SAPPORO, Japan--(BUSINESS WIRE)-- Hokkaido University and Hitachi, Ltd. (TSE:6501) today announced that they have completed construction of facilities incorporating the “PROBEAT-RT Proton Beam Therapy System,” a novel proton beam cancer treatment system, within the Hokkaido University Hospital. Hokkaido University and Hitachi had been jointly developing the PROBEAT-RT after the project was awarded a grant in 2010 under the Funding Program for World-Leading Innovative R&D on Science and Technology (the “FIRST Program”), a national project sponsored by the Japanese government. The University plans to begin treatments using the newly constructed facilities on March 19, 2014.
The FIRST Program is a major research support structure established as part of a Japanese government initiative to promote science and technology. At a meeting of the Council for Science and Technology Policy in March 2010, out of a total of 565 applications from across Japan, 30 "Core Researchers and Projects" were awarded grants based on their notable potential in the advancement of Japanese science and technology. Hokkaido University's "Advanced Radiation Therapy Project Real-time Tumor-tracking with Molecular Imaging Technique" project was awarded a FIRST grant following an application by Professor Hiroki Shirato of the Department of Radiation Medicine, Graduate School of Medicine*. This was the only application accepted in the field of radiation therapy. The proposed system has gained worldwide attention as a potential driving force behind the advancement of radiation treatment and cancer therapy.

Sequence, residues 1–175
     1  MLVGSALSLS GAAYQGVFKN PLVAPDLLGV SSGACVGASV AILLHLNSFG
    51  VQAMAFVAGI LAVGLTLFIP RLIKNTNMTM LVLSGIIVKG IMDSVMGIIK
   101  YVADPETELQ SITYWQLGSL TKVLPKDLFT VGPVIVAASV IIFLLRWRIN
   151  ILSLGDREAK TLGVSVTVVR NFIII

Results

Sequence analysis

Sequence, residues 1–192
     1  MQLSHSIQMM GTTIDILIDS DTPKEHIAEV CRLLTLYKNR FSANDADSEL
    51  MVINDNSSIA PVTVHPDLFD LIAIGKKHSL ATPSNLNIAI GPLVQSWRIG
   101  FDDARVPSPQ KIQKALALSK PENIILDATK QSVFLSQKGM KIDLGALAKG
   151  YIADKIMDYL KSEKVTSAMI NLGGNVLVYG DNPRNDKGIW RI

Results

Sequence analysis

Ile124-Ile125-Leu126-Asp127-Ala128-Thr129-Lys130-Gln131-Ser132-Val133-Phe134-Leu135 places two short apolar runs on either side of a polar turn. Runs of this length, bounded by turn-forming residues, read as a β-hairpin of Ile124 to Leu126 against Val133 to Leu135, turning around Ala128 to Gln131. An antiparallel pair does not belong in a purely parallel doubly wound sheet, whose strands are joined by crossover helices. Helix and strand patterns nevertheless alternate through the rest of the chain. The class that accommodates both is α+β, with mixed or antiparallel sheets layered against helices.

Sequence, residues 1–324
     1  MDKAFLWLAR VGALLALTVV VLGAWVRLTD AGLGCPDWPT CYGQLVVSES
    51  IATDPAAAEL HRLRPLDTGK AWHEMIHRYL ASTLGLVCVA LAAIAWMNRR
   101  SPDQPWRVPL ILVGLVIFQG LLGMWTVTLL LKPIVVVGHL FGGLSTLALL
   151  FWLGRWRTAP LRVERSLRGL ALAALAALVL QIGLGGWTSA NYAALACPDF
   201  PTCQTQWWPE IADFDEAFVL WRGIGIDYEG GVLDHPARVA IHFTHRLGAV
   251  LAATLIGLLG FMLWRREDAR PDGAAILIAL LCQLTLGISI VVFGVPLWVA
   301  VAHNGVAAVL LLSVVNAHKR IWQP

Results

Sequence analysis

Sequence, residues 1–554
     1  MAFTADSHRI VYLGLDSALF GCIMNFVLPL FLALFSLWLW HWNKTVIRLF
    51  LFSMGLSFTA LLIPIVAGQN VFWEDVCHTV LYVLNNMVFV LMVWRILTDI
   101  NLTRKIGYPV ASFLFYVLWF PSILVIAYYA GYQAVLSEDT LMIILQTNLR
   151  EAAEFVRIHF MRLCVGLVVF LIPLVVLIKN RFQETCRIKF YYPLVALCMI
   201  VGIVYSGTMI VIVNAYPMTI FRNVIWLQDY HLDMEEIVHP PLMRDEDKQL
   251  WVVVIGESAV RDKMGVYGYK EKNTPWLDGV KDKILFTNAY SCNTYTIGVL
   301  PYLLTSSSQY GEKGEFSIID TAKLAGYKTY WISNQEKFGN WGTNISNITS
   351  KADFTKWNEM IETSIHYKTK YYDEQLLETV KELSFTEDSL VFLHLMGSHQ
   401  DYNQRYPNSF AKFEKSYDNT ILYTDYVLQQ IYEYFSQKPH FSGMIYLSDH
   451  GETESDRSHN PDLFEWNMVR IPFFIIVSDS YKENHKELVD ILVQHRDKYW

The goal of “Advanced Radiation Therapy Project Real-time Tumor-tracking with Molecular Imaging Technique” is to develop a treatment system that can dramatically reduce the irradiation of normal tissue, in a compact, low-cost system that demonstrates international competitiveness. This goal is achieved by combining the Real-time Tumor –tracking Radiation Therapy developed by Hokkaido University through X-ray therapy with Hitachi’s spot scanning proton beam irradiation technology, which was delivered for the first time ever to a general hospital. In this way, Hokkaido University and Hitachi will offer a proton beam therapy system that can accurately irradiate a tumor that moves due to respiration, for example in the lung and liver.
At the recently completed facility, using the compact PROBEAT-RT Proton Beam Therapy System created through joint development activities, Hokkaido University will first provide treatment using spot scanning irradiation technology from Hitachi, while at the same time striving to quickly develop a treatment system that incorporates its own moving tumor tracking irradiation technology. Hitachi has already applied for approval for manufacture and sales of the treatment system combining spot scanning irradiation and Real-time Tumor-tracking Radiation Therapy, and hopes to receive approval and begin treatments in the first half of FY 2014.
The PROBEAT-RT Proton Beam Therapy System is a compact, low-cost proton beam cancer treatment system developed jointly by Hokkaido University and Hitachi. By merging Hitachi’s technologies with the expertise that Hokkaido University has developed through radiation treatment, and by using only spot scanning irradiation as the irradiation method, it became possible to reduce the size of the gantry, the irradiation nozzle, and the accelerator. In this approach, they have created a treatment system that is easy to use and more compact overall, and which demonstrates outstanding international competitiveness. In comparison to the PROBEAT-III Proton Beam Therapy System, which was released previously by Hitachi, the circumference of the accelerator has been reduced to 18 m from the original 23 m, while the gantry, which had a maximum external length of 11 m and an internal diameter of 3.5 m, has been reduced in size to a maximum external length of 9 m and an internal diameter of 2.5 m. The installation area required for the system as a whole has been reduced by approximately 30 percent.